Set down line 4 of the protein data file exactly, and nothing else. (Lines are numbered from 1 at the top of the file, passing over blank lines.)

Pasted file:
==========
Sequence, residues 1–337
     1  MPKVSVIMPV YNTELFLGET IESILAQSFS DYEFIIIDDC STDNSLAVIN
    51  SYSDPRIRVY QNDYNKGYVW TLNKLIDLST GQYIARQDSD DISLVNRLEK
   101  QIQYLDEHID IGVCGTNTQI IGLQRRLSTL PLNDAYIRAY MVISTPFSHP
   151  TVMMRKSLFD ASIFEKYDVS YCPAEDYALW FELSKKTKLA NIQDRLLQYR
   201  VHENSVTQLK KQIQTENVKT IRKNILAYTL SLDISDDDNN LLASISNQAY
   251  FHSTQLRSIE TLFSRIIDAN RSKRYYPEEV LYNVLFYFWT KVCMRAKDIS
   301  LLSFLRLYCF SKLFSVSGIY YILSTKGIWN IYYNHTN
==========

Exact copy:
   101  QIQYLDEHID IGVCGTNTQI IGLQRRLSTL PLNDAYIRAY MVISTPFSHP